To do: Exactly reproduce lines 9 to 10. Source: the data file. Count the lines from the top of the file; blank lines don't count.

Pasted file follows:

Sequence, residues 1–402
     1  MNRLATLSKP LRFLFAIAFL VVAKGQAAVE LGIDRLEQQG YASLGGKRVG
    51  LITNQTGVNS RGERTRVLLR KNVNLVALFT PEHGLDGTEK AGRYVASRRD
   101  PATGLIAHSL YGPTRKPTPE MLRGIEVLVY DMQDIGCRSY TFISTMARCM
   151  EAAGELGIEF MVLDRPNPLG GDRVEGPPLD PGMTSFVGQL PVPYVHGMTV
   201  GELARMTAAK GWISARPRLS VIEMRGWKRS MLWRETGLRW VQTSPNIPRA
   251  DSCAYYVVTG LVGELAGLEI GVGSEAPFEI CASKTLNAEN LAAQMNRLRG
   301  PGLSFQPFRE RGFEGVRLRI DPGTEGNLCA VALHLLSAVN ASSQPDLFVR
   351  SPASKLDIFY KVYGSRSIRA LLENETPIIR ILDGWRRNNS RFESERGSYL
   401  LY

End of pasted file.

   351  SPASKLDIFY KVYGSRSIRA LLENETPIIR ILDGWRRNNS RFESERGSYL
   401  LY